BONUS TIP about getting over yourself: Kindness is great, being nice is lovely, but unless you are at Ed Debevic’s, there is no need to put on a show. I have known servers who jibber jabber their whole life story to the table they’re serving, but the sad truth nug I have to deliver to you is that the guests didn’t come here to talk to you, they came to talk themselves into each others’ pants or maybe just to hash out the bi-weekly household budget. Ouch. Burn. Sorry about that. The diners still care about you as a person! Like, sort of!

3. When you take an entree order, write it down. I know your amazing brain is a wiz at storing facts and you’ve worked here long enough to memorize the four items on the menu everyone orders, but humor me. (This is as much directed at you as it is 2004 me who used to write in air pencil.)When a perfectly good omelet is ruined by the green peppers your guests detest, they may not deduct your tip, but they might Yelp. We don’t want that.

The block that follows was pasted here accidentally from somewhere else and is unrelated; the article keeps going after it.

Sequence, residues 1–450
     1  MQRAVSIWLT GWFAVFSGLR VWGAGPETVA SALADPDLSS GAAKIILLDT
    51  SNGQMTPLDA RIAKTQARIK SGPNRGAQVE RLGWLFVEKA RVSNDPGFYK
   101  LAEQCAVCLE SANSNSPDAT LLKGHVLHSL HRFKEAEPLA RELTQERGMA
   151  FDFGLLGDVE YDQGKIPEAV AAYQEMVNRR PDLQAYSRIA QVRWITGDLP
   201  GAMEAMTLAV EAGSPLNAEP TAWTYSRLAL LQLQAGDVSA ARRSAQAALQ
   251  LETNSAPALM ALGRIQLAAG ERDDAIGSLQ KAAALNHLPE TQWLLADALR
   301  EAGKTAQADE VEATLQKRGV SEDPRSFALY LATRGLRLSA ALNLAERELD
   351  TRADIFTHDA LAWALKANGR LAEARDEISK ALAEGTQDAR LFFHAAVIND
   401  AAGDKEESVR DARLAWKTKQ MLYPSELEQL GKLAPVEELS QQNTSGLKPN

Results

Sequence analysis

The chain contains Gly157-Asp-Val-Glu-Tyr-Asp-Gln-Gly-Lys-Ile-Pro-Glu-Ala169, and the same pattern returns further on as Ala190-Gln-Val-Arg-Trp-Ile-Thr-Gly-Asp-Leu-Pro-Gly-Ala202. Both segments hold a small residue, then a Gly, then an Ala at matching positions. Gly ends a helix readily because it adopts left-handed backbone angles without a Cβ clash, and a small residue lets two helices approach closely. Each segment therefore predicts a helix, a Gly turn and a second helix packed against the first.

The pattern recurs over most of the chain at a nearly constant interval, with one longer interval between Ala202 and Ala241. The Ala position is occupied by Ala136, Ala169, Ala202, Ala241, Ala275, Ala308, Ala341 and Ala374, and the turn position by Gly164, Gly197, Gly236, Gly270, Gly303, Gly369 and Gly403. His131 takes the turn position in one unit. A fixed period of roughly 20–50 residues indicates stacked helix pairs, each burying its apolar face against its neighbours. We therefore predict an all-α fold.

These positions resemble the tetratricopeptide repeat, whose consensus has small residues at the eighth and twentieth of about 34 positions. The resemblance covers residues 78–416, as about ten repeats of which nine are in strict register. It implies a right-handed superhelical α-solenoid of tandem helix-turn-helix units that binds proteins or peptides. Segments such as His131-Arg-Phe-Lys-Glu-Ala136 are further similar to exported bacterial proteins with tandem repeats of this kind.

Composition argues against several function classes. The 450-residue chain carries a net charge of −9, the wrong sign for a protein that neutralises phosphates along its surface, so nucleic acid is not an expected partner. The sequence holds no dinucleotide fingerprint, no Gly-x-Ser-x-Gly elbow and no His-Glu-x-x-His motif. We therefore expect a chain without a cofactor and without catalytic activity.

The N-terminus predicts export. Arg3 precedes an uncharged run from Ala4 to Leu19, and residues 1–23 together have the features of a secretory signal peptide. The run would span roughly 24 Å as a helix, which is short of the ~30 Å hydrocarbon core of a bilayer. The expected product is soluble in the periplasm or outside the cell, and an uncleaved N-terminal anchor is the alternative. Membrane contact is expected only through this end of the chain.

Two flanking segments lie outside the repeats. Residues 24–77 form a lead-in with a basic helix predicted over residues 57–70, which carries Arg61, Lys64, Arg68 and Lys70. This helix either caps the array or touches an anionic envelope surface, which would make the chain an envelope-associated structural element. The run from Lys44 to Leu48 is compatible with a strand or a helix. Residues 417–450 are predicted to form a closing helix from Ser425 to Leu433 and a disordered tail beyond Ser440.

4. Do not auction off food at the table. People don’t always remember what they ordered and you look like a professional when you arrive with everyone’s entree straight. You keep track of this by assigning the seat closest to the kitchen the number one, then go clockwise around the table. Keep this order from when the people are sat and execute it when the food comes out. No one has to know that you count on your fingers to do math, they’ll think you’re a magic person for keeping a table of six straight. Be a star. Remember who ordered what.